It’s really hard to believe but New Found Glory is heading into its fifteenth anniversary together and just released a seventh record named Radiosurgery. The album is classic NFG, full of catchy melodies and easily relatable lyrics and has been very well received since its release in early October. In this interview with the band’s rhythm guitarist and main lyricist Steve Klein, we talk at length about the writing and recording of Radiosurgery and the motivations behind it. Steve discusses the inspiration behind the album, a sort of homage to ’90s punk and also what this unusual title adiosurgery is all about. We also talk about the main differences he sees between this record and Not Without A Fight and why the band sticks with the tried, tested and true formula of working with producer Neal Avron. Check out the band on tour practically all over the world in the New Year.
Your newest and seventh record is called Radiosurgery and it’s just about due for release. What are your feelings on it now upon its release?
Steve: Well super excited about it. When you record a record it takes about four months for it to come out once it’s done so you kind of get anxiety about it for people to hear it. Today is the first day where everybody’s really going to hear it because the album stream is up so I’m really excited and so far the fan response has been really amazing.
I must ask you about the name of the record Radiosurgery because it’s kind of a crazy title for a punk rock record. How did this title come about?
Steve: Um, I feel like when we were first talking about this record what we kind of wanted to do was to kind of bring back the classic part of music we’re into. We went back to old Green Day records, Ramones records and The Clash, the records that got us into this style of music. They would just use certain classic words that people would stick to and Radiosurgery is one of those things you hear and you’re interested in it. And that term, you know “Radiosurgery” was the last song that we wrote for the record so we were kind of like looking at all the songs and we were thinking what is the common theme of the whole record. It kind of goes through the whole stages of a breakup, just like the madness and just certain things that people go through you could say. We came up with the term Radiosurgery and it took its own meaning to where the only way you can get this person out of your head is to get them surgically removed from your head, you know your brain. In thinking about these songs and looking into these songs, “Radiosurgery” could be the first song on the record or the last one because it kind of encompasses the whole idea of the record.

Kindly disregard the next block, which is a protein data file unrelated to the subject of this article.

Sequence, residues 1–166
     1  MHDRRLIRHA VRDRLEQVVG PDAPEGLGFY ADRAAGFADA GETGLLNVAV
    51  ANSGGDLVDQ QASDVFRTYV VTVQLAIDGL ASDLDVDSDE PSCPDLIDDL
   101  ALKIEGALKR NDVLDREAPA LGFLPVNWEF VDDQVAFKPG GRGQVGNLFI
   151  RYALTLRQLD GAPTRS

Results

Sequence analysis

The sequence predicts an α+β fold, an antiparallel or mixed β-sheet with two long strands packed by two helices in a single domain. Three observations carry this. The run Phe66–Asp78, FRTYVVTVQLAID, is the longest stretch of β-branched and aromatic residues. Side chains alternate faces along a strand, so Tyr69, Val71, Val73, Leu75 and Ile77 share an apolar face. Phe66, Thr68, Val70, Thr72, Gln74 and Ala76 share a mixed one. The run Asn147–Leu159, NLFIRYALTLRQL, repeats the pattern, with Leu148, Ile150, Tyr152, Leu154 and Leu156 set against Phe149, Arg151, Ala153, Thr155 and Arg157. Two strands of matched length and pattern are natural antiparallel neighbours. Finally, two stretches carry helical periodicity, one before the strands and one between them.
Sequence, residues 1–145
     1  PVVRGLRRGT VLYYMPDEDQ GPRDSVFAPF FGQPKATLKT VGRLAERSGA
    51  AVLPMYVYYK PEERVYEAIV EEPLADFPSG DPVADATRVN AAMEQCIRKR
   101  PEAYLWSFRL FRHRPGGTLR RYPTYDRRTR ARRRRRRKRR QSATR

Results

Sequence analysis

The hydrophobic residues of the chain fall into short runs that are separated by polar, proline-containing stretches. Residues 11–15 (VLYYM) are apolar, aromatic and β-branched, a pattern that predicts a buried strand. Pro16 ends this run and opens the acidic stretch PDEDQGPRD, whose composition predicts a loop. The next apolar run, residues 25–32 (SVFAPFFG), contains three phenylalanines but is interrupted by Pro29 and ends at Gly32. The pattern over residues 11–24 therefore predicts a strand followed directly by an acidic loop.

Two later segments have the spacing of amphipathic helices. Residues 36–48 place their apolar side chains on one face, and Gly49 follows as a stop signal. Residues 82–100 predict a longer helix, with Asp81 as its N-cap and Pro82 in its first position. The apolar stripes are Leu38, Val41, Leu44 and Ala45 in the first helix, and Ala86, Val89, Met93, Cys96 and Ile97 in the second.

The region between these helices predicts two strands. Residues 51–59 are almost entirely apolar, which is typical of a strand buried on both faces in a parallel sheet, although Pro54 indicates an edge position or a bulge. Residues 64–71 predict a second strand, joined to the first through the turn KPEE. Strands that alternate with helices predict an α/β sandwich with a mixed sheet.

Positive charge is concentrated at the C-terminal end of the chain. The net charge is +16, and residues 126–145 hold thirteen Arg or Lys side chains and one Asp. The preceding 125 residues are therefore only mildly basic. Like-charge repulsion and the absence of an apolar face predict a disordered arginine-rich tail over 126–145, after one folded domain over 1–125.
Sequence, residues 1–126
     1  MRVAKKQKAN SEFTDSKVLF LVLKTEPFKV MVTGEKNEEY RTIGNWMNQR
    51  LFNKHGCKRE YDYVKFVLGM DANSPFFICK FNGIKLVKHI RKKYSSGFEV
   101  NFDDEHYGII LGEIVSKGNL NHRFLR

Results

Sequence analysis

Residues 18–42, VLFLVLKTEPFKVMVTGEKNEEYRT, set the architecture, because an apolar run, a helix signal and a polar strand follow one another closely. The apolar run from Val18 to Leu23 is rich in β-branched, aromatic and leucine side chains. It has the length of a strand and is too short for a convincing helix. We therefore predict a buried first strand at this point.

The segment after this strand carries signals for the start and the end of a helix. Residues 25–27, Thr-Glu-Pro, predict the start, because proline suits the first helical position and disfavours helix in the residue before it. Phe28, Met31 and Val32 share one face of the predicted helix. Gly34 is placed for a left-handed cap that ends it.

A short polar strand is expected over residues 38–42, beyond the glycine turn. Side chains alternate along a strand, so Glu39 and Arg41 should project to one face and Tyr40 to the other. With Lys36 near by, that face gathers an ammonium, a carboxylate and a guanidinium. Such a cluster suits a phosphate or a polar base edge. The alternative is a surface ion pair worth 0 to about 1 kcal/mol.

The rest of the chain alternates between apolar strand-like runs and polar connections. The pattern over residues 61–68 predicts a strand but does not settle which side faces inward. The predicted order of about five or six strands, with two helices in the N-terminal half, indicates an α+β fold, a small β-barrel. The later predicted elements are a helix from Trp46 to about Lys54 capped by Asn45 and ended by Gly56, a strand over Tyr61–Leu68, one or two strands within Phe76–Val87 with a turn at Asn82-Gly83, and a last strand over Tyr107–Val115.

Check out the song “Anthem For The Unwanted”
You mentioned there that part of the motivation for the writing of this record was to sort of pay homage to your own punk rock influences that first inspired you back when you were growing up in the ’90s. How did this exactly become your motivation for this particular album?
Steve: I just think listening to new music these days, I think for us it’s kind of losing that classic feel, that feeling you get when you heard those records, it’s kind of like contrived and there’s no real soul to it. I think we needed to kind of go back and listen to those records figure out what made those records special and it was about the melody and it was about the songs and the catchiness of the overall feel of the records. I feel like a lot of bands are losing that nowadays and you know we wanted to make more of a conscious effort to make this record a complete thought so you could put it on and it would tell a story but you want to sing along, you want to have fun, you want to show it to your friends. You can come to the show and sing it back to us because New Found Glory, we’re all about our live show and writing these songs they’re all really really fun to play live and we expect these songs to go over really well with the fans.
Part of this record was written on the road during the “Honda Civic Tour” last year. Do you prefer writing while on tour or when you’ve been off the road for a while?
Steve: Yeah I definitely like being off the road. I feel like a lot of initial song ideas were written on tour but the main core was written while we were at home, just because you have a lot more time to separate yourself and put yourself in the right mindset to write. I feel like when you’re on tour there are so many distractions and there are so many things to do and going on, the shows and stuff to worry about that you can never really put yourself in the best mindset. You can write on the road but in order to really write your best material you kind of have to be alone and put yourself in the right place.
Were there any big differences in writing Radiosurgery as compared to Not Without A Fight?